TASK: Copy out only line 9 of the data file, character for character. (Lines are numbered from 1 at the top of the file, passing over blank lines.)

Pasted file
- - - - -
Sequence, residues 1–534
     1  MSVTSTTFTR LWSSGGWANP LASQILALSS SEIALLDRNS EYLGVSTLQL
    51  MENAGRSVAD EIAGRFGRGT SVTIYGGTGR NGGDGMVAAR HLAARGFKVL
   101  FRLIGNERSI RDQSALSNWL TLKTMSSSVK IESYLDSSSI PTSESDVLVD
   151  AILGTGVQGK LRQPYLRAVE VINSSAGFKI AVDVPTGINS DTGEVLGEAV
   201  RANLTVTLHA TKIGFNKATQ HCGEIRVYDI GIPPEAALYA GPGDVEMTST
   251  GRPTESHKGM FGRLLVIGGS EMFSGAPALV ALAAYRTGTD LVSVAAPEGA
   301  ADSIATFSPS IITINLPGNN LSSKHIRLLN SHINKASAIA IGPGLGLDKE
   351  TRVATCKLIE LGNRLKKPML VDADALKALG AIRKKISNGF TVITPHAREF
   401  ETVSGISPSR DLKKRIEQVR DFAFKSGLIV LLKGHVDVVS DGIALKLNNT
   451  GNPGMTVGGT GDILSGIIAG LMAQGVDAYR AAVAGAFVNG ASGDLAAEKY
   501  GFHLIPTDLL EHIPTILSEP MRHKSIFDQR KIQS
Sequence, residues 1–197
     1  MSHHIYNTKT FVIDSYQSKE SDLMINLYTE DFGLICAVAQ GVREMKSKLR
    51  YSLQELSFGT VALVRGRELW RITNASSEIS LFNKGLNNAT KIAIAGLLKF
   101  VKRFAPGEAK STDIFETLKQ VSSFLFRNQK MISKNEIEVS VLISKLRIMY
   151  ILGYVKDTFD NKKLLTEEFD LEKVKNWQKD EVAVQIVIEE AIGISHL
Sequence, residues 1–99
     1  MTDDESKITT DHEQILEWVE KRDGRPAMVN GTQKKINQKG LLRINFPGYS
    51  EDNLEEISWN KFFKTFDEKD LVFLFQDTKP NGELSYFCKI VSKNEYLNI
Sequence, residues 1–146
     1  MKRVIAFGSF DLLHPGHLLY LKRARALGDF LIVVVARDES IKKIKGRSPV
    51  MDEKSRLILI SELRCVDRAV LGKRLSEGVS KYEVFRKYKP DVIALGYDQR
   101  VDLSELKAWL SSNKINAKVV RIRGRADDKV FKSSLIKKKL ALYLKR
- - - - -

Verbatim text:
   351  TRVATCKLIE LGNRLKKPML VDADALKALG AIRKKISNGF TVITPHAREF